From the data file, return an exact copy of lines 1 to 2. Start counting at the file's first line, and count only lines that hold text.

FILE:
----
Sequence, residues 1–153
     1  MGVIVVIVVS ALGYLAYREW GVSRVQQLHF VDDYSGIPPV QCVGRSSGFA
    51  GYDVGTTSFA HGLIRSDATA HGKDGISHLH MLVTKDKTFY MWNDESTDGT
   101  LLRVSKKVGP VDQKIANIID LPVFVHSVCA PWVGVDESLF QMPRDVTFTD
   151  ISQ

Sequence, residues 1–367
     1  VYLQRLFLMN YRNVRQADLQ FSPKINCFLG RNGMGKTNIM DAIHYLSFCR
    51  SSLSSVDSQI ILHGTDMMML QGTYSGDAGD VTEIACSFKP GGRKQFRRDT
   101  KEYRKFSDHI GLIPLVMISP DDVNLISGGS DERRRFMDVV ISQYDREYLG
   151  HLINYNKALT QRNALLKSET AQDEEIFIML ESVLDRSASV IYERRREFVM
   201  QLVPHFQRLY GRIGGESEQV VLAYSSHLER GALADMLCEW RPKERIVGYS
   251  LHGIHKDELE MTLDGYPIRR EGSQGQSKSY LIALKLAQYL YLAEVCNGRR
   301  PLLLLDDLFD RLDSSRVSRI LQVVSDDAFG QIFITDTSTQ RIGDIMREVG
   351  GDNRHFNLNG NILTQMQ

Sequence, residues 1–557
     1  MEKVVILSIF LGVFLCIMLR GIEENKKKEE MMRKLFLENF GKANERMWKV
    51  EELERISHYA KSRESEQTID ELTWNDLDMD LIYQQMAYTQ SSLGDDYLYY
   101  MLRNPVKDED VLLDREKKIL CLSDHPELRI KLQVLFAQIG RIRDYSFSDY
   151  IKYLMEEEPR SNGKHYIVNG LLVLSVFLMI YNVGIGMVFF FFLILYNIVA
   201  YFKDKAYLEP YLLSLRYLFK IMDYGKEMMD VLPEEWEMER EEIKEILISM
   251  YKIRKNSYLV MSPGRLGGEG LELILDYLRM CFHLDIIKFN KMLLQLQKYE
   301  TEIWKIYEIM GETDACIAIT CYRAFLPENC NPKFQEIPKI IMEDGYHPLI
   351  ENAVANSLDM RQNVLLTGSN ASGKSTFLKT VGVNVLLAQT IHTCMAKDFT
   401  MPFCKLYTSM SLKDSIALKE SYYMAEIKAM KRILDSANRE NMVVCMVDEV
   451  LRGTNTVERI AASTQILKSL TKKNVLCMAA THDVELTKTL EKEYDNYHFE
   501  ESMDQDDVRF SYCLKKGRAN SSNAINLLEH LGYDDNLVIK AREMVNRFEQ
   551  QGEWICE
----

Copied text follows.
Sequence, residues 1–153
     1  MGVIVVIVVS ALGYLAYREW GVSRVQQLHF VDDYSGIPPV QCVGRSSGFA